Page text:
|Publication number||US7047821 B2|
|Application number||US 11/178,975|
|Publication date||May 23, 2006|
|Filing date||Jul 11, 2005|
|Priority date||Jul 15, 2004|
|Also published as||DE102004036192B3, EP1619480A1, US20060010988|
|Publication number||11178975, 178975, US 7047821 B2, US 7047821B2, US-B2-7047821, US7047821 B2, US7047821B2|
|Inventors||Gunther Bitz, Helmut Mayer, Ernst Arens, Andreas Seidel, Udo Stevens|
|Original Assignee||Friatec Ag|
|Export Citation||BiBTeX, EndNote, RefMan|
|Patent Citations (8), Referenced by (2), Classifications (5), Legal Events (4)|
|External Links: USPTO, USPTO Assignment, Espacenet|
This invention relates to a magnetoinductive flowmeter with a ceramic measuring tube as a conduit for a medium whose flow rate is to be measured, and with a measuring electrode which measuring electrode, featuring a cermet body, is positioned in the wall of the measuring tube, its side facing the medium conductively or capacitively connected to the medium while its side facing away from the medium connects to a measuring line. The invention further relates to a method for producing a measuring tube for a magnetoinductive flowmeter.
Magnetoinductive flowmeters of the type referred to above have been well known for some time and are used in numerous different areas of application. The basic concept of a magnetoinductive flowmeter for flowing substances goes all the way back to Faraday who in 1832 introduced the idea of employing the electrodynamic induction principle for flow-rate measurements.
Faraday's law of induction postulates that when a flowing medium that contains charge carriers travels through a magnetic field, an electric field intensity is generated perpendicular to the direction of flow and perpendicular to the magnetic field. A magnetoinductive flowmeter applies Faraday's law in that a magnet, typically consisting of two magnetic poles, each with a field coil, generates a magnetic field perpendicular to the direction of flow in the measuring tube. Within this magnetic field, each volume element of the medium flowing through the magnetic field and containing a certain number of charge carriers contributes the field intensity generated in that volume element to a voltage potential that can be collected via the measuring electrodes.
The measuring electrodes are usually designed for conductive or capacitive inductive coupling to the flowing medium. On the side facing away from the medium they connect to a measuring line through which the collected electric potential can be fed to an evaluation device.
The use of cermet bodies for the measuring electrodes, which for the purpose of this description covers all electrodes that can be employed with the measuring tube of a magnetoinductive flowmeter, reference electrodes included, is common practice. The cermet body consists, for instance, of platinum as the metal and aluminum oxide as the ceramic component, with the ratio between the metal and the ceramic components as well as their commixture and the microstructure obtained thereby being so selected as to ultimately arrive at a conductive cermet body for the measuring electrode.
To date, cermet bodies for the measuring electrodes of a magnetoinductive flowmeter have been produced primarily by extruding a metal/ceramic mixture. Cutting the resulting extrusions into essentially pin-shaped bodies produces measuring electrodes that can be installed in the ceramic material of the measuring tube, for instance by press-fitting. This approach, however, has a number of drawbacks in that the process of cutting the cermet extrusion can result in breakage, and thus in the destruction of the measuring electrodes, involving considerable consumption of material, especially of the metal such as the expensive platinum.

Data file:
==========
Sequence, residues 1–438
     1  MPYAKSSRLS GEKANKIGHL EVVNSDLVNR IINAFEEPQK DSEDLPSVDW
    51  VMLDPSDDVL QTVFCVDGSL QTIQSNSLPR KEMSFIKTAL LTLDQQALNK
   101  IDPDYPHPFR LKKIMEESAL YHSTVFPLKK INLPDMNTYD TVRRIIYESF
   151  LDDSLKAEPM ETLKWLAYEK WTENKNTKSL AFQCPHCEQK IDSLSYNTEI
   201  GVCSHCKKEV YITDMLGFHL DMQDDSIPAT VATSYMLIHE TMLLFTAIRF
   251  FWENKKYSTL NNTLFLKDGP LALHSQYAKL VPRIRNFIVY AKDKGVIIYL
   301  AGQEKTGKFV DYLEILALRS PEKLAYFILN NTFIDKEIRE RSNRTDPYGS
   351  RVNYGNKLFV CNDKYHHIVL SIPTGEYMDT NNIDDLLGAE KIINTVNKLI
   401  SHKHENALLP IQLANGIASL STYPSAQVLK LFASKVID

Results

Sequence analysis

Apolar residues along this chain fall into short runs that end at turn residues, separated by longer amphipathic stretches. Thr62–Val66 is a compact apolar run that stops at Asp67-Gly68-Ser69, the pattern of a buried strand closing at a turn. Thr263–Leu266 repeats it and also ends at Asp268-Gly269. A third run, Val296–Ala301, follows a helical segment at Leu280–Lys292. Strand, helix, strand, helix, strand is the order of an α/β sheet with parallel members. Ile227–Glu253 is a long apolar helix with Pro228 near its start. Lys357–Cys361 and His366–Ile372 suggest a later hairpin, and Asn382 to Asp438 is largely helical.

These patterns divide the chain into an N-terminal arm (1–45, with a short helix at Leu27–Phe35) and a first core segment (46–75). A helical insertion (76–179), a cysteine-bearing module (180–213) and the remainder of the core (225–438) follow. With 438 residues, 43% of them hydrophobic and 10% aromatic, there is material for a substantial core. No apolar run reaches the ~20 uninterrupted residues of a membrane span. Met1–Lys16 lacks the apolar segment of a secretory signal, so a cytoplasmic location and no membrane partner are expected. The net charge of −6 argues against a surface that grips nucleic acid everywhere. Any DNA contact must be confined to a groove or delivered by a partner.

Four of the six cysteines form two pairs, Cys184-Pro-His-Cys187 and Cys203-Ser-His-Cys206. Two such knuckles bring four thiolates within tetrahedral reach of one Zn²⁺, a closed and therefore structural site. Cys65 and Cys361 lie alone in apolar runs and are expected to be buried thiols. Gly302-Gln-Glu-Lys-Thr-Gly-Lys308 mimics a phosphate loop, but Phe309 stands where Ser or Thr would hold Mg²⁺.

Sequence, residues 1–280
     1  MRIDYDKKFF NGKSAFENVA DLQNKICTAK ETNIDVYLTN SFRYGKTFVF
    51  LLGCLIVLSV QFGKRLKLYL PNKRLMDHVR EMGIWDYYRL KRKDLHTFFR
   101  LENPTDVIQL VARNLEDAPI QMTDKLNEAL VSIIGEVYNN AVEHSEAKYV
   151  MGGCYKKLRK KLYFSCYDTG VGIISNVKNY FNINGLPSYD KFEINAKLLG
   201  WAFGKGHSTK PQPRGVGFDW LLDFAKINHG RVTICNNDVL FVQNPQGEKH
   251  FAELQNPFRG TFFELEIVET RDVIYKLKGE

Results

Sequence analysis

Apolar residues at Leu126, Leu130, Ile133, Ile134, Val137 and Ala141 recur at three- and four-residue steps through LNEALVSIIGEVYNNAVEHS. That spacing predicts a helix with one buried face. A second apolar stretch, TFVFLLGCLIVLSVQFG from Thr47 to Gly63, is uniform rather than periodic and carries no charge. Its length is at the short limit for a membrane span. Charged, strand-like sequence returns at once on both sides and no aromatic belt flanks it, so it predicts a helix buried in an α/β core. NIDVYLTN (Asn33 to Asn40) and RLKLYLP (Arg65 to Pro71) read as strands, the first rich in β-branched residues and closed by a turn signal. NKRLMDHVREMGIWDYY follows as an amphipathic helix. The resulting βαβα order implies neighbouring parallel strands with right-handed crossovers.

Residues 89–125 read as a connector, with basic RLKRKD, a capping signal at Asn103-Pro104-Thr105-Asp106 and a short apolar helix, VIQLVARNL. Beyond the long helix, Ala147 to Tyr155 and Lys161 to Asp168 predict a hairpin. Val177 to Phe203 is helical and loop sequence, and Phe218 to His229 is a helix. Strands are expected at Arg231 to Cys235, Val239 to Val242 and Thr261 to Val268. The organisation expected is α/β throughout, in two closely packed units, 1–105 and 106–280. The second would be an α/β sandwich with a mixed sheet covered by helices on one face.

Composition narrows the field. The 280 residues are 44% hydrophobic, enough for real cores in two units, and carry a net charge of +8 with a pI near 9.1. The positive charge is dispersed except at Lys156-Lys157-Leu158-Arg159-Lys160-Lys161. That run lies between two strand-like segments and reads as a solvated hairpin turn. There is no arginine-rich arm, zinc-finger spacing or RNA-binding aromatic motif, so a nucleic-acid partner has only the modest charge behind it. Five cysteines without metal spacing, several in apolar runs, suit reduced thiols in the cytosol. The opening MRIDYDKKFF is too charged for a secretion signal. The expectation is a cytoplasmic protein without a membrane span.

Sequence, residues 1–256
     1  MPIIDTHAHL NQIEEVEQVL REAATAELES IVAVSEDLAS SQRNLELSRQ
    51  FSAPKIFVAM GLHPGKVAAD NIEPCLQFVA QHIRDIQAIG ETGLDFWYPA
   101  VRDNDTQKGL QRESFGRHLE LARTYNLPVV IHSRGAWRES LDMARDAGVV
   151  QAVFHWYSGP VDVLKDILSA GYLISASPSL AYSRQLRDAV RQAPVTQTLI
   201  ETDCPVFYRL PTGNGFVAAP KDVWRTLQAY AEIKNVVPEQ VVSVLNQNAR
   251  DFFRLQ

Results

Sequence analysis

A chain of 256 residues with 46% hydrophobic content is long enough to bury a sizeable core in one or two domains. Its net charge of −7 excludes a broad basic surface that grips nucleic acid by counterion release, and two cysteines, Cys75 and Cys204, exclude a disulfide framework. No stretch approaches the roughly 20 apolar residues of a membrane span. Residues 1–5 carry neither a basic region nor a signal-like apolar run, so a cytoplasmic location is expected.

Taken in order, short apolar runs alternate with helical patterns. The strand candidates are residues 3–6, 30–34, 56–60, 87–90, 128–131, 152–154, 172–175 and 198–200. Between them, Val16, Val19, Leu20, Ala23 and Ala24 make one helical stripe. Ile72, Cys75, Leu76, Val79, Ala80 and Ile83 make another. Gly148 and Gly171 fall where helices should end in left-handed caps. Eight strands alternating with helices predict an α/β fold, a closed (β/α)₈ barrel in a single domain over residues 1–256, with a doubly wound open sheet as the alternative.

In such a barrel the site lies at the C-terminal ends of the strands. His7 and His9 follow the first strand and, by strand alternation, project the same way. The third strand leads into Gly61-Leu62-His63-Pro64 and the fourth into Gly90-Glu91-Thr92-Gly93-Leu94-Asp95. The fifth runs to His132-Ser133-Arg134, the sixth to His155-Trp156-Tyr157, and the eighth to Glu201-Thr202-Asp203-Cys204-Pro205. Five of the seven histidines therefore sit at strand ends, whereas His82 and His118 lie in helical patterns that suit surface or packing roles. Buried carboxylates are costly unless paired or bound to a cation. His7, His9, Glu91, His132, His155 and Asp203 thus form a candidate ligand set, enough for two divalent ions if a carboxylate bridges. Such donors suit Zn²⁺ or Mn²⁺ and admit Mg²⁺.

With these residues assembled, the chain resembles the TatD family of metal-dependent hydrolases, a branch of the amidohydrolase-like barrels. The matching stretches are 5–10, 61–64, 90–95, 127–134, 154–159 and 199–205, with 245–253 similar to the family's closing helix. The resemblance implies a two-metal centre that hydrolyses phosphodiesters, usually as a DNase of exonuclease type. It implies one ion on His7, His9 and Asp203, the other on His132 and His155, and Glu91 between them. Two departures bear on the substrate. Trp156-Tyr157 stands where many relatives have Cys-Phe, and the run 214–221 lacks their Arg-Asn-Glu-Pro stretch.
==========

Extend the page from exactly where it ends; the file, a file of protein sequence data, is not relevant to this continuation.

It is, therefore, the objective of this invention to introduce a magnetoinductive flowmeter and a method for producing a measuring tube for a magnetoinductive flowmeter whereby, with a minimum amount of metal, a measuring electrode can be provided that is suitable for collecting a voltage induced in the medium and that permits easy and tight insertion in the wall of the ceramic measuring tube.
For a magnetoinductive flowmeter of the type described above, this objective is achieved by giving the cermet body a larger cross section at its end facing the medium than at its opposite end facing away from the medium.
The invention thus provides for a cermet body whose respective end diameters are precisely adapted to the local requirements. For the conductive or capacitive collection of a voltage induced in the medium, it is important for the cross-sectional surface of the measuring electrode not to be below a predefined minimum. Conversely, for electric conductivity and thus for connecting the measuring electrode to a measuring line a substantially smaller diameter will suffice. In other words, according to the invention the end of the cermet body facing the inside of the measuring tube has a larger diameter than does its other end.
In general, the diametric transition from one end of the cermet body to its other end is arbitrarily selectable. However, in a preferred embodiment of the invention, the diameter of the cermet body tapers off in continuous fashion from its end facing the medium toward its end facing away from the medium without increasing in size at any point along the way. This optimizes material savings by minimizing the consumption of an expensive metal such as platinum. Specifically, the cermet body can be in the form of a truncated cone or wedge, with the reduction to a very small diameter at the end of the cermet body facing away from the medium resulting in considerable material savings in comparison with prior-art pin-shaped cermet bodies.
Basically, the cross-sectional surface of the cermet body may be of any shape. However, in a preferred embodiment of the invention, the cross-sectional surface of the cermet body is in the form of a polygon. In a particularly preferred implementation of the invention, the cross-sectional surface of the cermet body facing the medium is quadrangular, preferably more or less rectangular and most preferably more or less square.